A social services official at a private Philadelphia children's aid organization was found guilty of first-degree murder Monday in what the prosecutor called the execution of his boss a day after she confronted him about $42,000 in missing funds.
Randolph Sanders, 39, of Northeast Philadelphia, was found guilty by a Common Pleas Court jury in the Jan. 13, 2015, shooting of Kim Jones, 56, as she waited for a bus from her home in the Yorktown neighborhood in North Philadelphia to her job as a program director for Turning Points for Children in Center City.
Sanders began rubbing his face with his hands as the foreman of the jury of seven men and five women announced the verdict after two hours of deliberating.
The first-degree murder verdict carried a mandatory sentence of life in prison without parole. Judge Glenn B. Bronson immediately sentenced Sanders and added consecutive sentences of 8½ to 17 years in prison for three gun charges of which Sanders was found guilty.
Sanders thanked Bronson for a fair trial and said, "I'm sorry for this entire situation. I understand what's shown on the video, but I still stand by my innocence.
"I did not do this. I didn't steal any money, and I didn't do this to Kim," Sanders added. "I would never do this to Kim."
Bronson said the verdict was based on some of "the most overwhelming evidence in a case I have ever seen in 35 years as a judge and a lawyer."
That evidence included Sanders' confession to the slaying in an interview that was transcribed by homicide detectives and then recorded on video.
In the video, shown to the jury last week, Sanders called Jones' slaying "a work-related matter, and it just got out of hand."
Sanders told detectives that the day before, Jones had accused him of mismanaging money that was missing and that he feared he would be fired from his $68,000-a-year job and his reputation ruined. He said he meant to scare Jones, not kill her.
"I just wish it didn't happen, I don't know what was going on in my mind," Sanders said in the video.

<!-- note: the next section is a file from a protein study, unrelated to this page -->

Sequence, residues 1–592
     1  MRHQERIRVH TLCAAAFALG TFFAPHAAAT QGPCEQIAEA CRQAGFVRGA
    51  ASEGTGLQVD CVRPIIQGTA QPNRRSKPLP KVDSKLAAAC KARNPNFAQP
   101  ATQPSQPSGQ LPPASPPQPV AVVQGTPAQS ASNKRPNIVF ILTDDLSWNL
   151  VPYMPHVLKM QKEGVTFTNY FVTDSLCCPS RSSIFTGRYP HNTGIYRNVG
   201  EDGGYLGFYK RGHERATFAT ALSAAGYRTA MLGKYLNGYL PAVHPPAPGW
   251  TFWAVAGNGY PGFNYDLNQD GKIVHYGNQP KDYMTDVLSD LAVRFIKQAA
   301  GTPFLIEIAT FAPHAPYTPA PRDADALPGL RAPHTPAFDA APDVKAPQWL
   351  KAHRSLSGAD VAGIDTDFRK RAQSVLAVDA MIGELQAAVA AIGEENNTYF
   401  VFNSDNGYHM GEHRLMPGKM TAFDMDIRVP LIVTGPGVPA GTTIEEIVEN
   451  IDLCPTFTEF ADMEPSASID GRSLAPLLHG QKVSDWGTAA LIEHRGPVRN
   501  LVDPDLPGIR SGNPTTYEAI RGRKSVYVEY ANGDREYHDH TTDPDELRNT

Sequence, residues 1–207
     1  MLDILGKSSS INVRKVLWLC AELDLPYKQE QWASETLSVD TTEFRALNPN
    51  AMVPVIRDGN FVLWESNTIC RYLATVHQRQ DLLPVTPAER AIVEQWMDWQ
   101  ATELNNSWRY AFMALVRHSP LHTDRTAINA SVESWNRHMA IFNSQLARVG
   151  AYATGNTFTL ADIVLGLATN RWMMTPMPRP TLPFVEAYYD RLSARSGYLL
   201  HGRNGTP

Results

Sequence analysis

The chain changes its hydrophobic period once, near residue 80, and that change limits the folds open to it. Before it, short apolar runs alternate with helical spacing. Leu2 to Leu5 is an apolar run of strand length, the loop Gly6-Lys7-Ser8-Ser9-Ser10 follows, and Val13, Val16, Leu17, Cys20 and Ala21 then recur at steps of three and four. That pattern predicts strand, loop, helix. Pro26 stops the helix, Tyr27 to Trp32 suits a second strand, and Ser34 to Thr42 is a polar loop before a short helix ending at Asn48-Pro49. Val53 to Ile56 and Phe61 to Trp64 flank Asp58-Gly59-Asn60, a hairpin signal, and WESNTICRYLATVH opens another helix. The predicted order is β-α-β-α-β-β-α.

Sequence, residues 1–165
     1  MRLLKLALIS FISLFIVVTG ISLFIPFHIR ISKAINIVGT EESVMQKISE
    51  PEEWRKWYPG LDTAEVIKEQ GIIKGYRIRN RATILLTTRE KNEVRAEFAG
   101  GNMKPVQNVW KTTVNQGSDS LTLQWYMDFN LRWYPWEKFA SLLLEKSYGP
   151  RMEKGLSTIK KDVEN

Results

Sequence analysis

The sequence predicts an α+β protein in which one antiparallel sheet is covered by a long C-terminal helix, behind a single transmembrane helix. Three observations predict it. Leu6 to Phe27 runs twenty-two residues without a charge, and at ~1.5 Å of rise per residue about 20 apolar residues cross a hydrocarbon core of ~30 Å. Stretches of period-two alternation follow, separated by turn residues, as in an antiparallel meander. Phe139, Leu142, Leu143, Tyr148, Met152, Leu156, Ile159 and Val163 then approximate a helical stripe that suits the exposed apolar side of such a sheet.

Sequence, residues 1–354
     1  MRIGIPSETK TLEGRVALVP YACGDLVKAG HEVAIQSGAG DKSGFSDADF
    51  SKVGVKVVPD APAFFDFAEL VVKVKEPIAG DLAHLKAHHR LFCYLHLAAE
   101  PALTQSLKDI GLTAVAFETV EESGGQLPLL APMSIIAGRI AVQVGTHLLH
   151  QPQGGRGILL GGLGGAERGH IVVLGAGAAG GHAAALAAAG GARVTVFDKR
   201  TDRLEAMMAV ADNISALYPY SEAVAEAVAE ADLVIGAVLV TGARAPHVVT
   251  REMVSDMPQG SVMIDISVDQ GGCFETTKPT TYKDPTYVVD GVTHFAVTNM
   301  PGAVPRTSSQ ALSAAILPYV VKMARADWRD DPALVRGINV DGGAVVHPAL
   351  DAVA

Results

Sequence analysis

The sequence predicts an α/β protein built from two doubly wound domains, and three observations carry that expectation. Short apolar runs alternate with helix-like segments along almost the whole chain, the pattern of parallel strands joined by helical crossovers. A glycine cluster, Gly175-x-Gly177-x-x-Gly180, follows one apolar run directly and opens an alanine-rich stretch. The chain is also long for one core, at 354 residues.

Sanders testified that he confessed only after 30 hours of questioning and because he was still in shock from his early-morning arrest by a police special tactics team.
Sanders, who has a master's degree in education, had never been arrested before, according to defense attorney Michael Coard. Coard said Sanders would appeal.
Assistant District Attorney Mark Levenberg cited Sanders' education and his admission in court that he understood his constitutional right to not incriminate himself as evidence that Sanders' confession should be believed.
According to trial testimony, Jones had worked about seven years as program director for Turning Points' Families and Schools Together (FAST) Program, which works to engage with low-income parents and their children at 62 city schools. Sanders was Jones' assistant director.
Jones, the mother of two adult children, was waiting for the Route 23 bus at 12th and Jefferson Streets about 9:15 a.m. after walking a half-block from her Yorktown home.
As Jones stood, leaning against a short brick retaining wall and listening to music over headphones, a hooded man dressed in black climbed the inclined lawn behind her and shot her once in the back of the head.
Police were able to piece together the gunman's path afterward from security camera videos.
That compilation showed the gunman walking from the scene of the slaying, boarding the subway at Cecil B. Moore station, and riding to Hunting Park. The gunman then walked a short distance along Hunting Park Avenue to Carlyle Street, where he got into a 2007 GMC Yukon and drove away.
The Yukon was later linked to Sanders and was parked outside his home in the 9000 block of Ryerson Road on Jan. 31, 2015, when police arrested him.
The investigation later showed that Sanders processed payment vouchers meant as stipends for Turning Points school volunteers. The vouchers, totaling about $42,000, were for 29 people; none had personnel files or school clearances at Turning Points, and most were also Sanders' friends, fraternity brothers, or acquaintances.